Maintaining Afro hair is not the easiest job, especially if its coarse hair and belongs to a child. Time, hard effort and a ritual of expensive hair creams and oils are needed to keep it looking its best… Then there’s washing it.
Not many little girls like having there hair washed, if they have afro hair, it’s pretty understandable. Unlike the lightness in weight of other nationalities hair who can shampoo their hair whilst having a quick shower, leave it to dry naturally whilst going about their daily business, black hair can be a lengthy hard slogging process.
Take my eleven year old daughter for instance; she has quite coarse hair (similar to the picture above) and it is like velcro. All dust and particles she comes into contact with embed in her hair, which leads to the need of regular washing, which she hates. As I constantly remind her… I’m the one who has to strain my back over the bath shampooing it out at least three times, towel blot it, add conditioner, break my back rinsing it out all before the drying process, which all can take up to four hours (if I use a masking treatment conditioner) and that’s all before giving the hair texture a helping hand with the straighteners, so I hate washing her hair more than she hates having it washed.
I was quite blessed to not have such coarse hair, but in my day as a child, there was no luxury of a fresh running shower to wash my locks. The fortunate may have had a rubber shower attachment for taps (above) but the unlucky ones, like me had their heads shoved into the bathroom basin, knocking the sides as our mums battled with the fro and the soap suds or had bowls or buckets of water thrown over their heads whilst clinging to the bath sides for mercy. Could we moan? Complain we couldn’t breathe as water filled up our nostrils? We wouldn’t even dare risk it unless we wanted our heads knocked off its shoulders.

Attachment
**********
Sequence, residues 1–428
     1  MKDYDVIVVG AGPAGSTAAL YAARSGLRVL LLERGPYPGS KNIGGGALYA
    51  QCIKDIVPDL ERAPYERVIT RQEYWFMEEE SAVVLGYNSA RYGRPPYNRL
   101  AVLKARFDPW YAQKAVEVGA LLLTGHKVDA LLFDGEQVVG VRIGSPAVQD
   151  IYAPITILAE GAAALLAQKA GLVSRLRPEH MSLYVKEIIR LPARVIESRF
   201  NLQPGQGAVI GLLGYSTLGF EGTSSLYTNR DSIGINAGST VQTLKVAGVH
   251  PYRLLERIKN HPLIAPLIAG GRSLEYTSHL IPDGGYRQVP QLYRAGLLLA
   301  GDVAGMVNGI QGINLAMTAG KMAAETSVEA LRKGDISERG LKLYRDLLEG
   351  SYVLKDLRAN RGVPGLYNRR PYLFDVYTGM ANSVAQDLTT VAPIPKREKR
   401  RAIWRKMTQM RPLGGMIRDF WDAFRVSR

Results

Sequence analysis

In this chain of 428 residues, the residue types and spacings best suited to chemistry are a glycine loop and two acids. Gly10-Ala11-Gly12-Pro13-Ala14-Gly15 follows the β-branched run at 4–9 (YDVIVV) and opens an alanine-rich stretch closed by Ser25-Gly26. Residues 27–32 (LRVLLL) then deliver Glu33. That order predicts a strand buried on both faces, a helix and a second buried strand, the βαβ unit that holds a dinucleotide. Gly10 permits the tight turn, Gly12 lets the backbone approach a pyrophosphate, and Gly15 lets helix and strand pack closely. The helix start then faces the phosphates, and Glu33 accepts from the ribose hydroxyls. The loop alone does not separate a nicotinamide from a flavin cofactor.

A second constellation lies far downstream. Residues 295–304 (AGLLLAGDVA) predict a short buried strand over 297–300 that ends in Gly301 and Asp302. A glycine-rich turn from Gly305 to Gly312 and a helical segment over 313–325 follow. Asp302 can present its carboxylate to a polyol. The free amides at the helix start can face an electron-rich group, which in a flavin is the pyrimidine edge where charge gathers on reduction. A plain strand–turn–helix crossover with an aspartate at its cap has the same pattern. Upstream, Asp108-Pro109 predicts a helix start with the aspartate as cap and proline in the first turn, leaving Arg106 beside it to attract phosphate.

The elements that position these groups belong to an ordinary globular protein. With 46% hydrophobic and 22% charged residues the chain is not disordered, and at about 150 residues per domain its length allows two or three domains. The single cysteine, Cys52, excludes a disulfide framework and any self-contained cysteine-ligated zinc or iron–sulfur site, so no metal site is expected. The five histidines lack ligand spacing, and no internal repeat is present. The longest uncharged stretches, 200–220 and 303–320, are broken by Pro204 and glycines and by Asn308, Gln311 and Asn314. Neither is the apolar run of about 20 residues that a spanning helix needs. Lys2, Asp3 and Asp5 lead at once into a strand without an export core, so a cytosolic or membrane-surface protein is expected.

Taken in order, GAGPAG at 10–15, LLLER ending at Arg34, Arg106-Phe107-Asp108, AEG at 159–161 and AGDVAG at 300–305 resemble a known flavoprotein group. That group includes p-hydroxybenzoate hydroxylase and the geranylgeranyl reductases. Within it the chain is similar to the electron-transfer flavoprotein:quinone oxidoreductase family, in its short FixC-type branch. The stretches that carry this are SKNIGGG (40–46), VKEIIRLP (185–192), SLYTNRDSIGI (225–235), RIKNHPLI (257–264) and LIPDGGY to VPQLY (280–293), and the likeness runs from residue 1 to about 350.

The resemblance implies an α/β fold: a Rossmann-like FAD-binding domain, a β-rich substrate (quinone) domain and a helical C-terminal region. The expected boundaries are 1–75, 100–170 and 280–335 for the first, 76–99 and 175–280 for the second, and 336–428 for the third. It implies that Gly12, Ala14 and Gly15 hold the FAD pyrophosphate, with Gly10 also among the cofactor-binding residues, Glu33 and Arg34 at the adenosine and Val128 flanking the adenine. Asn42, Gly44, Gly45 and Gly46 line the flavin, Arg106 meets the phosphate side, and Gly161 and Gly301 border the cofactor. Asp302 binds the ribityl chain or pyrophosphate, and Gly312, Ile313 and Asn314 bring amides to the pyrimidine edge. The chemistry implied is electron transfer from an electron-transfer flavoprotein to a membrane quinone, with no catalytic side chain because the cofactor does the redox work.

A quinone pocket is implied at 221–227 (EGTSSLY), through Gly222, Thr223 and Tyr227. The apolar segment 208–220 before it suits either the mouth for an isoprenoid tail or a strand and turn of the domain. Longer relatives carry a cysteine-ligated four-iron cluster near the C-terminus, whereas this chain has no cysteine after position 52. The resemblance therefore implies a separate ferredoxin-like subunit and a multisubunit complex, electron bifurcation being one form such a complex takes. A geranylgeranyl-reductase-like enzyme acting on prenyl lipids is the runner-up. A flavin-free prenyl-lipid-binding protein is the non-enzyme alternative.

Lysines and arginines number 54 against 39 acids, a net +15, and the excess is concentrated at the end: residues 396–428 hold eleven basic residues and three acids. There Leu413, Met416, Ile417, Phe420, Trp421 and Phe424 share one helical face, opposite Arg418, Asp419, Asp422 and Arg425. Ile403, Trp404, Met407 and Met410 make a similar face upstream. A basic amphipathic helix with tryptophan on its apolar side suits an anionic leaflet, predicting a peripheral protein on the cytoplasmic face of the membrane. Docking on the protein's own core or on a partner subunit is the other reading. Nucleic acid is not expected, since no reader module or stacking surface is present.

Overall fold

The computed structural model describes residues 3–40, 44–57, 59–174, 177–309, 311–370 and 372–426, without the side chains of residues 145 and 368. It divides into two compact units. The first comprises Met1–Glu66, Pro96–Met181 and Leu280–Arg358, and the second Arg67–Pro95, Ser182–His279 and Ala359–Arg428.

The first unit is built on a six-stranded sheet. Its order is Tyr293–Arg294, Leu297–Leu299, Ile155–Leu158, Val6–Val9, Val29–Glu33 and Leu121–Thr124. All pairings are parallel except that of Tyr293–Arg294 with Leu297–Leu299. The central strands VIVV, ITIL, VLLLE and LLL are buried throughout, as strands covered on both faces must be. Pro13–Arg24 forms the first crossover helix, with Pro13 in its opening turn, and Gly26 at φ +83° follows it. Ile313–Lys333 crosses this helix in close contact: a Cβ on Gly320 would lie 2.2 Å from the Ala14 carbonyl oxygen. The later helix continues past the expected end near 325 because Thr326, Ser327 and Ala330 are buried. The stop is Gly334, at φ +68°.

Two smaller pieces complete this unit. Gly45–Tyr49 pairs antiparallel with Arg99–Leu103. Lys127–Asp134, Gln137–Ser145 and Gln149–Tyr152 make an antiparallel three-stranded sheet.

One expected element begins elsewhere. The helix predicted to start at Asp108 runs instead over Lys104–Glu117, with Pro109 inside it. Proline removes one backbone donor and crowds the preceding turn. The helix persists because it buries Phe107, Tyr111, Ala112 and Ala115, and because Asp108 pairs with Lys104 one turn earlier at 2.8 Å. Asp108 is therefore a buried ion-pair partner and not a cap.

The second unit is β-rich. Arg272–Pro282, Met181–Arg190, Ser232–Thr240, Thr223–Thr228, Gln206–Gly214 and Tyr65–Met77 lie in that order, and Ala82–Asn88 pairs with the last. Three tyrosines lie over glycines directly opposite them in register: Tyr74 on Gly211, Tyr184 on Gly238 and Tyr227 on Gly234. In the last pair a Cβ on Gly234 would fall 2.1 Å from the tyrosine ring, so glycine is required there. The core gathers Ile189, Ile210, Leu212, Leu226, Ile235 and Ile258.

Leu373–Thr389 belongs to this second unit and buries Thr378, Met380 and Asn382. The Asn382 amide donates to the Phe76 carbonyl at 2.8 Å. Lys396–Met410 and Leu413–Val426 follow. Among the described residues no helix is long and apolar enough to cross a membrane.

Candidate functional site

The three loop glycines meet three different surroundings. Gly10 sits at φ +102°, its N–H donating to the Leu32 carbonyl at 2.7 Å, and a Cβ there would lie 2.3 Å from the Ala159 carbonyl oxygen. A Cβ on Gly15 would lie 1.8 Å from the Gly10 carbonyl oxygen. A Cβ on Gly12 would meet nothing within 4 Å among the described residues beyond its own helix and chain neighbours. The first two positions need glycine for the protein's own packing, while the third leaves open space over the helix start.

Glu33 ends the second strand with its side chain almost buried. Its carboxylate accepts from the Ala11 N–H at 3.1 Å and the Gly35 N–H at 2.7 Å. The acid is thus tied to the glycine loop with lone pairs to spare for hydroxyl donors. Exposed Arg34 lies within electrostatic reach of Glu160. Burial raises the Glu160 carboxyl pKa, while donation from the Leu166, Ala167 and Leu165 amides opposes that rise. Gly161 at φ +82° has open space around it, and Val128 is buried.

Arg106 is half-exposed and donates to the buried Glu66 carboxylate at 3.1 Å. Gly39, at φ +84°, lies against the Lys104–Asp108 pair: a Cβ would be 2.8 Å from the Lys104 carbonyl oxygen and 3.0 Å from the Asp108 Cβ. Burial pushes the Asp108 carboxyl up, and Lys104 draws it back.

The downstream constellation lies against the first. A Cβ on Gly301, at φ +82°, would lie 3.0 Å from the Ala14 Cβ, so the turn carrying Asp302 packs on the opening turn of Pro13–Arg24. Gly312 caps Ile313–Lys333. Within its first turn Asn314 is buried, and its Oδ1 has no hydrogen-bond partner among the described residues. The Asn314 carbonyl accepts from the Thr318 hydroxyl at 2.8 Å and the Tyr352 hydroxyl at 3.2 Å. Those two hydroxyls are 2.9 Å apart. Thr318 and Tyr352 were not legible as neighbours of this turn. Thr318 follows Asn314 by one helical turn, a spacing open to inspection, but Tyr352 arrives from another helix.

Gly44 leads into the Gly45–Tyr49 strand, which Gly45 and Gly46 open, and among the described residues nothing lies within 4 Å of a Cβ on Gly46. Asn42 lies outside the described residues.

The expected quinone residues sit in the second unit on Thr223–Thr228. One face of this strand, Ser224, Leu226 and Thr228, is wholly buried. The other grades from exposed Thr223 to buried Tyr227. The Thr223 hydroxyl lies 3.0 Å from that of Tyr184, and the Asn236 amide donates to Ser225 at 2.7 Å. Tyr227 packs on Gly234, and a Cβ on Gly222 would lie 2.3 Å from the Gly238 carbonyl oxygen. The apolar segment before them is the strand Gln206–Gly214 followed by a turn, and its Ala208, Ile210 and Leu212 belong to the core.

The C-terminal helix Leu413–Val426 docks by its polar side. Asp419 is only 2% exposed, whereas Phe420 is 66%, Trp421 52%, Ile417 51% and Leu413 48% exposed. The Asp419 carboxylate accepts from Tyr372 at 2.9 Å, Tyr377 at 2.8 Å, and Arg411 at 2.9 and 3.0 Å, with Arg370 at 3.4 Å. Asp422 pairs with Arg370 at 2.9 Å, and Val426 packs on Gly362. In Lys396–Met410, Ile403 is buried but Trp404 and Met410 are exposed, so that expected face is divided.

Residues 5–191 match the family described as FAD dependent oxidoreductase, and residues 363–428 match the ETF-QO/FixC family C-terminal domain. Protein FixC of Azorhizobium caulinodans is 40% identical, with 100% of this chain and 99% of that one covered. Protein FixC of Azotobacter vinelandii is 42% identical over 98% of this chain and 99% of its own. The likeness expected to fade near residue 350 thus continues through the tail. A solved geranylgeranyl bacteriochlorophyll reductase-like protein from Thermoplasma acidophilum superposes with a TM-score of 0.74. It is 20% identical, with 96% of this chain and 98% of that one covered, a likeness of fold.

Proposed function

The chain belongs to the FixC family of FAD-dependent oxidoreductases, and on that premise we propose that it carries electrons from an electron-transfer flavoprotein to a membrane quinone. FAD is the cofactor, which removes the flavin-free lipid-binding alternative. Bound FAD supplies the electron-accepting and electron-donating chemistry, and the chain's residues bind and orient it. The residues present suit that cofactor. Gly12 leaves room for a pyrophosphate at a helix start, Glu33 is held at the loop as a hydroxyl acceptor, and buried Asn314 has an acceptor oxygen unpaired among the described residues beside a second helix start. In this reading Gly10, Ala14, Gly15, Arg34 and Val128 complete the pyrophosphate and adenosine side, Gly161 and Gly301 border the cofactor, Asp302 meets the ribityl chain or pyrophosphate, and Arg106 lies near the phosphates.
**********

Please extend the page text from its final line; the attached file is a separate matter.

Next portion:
Before the magnificent Wahl Powerpik hairdryer came on the market, we had the towel rub and the heat from the gas fire to dry our hair. Tears would stream frequently as my mother rubbed furiously against my skull before dragging out every kink and knot with a fine pik comb (- talk about a headache).
Back in my day we never had the grace of straighteners to help us out, there was just curling tongs which kept the hair smooth for all of five minutes before puffing out or many West Indian women would use the dreaded hot comb, hence severe burns, damaged smoky hair and a house smelling of a hair and hair oil barbecue. The black girls of today don’t know how privileged they are, and as I also remind my kid… She hates me washing it now, but when the time comes when she is old enough to maintain her hair herself (- I cannot wait), she’ll be begging for me to do it or she’d best find a good enough job to visit the hair salon every week.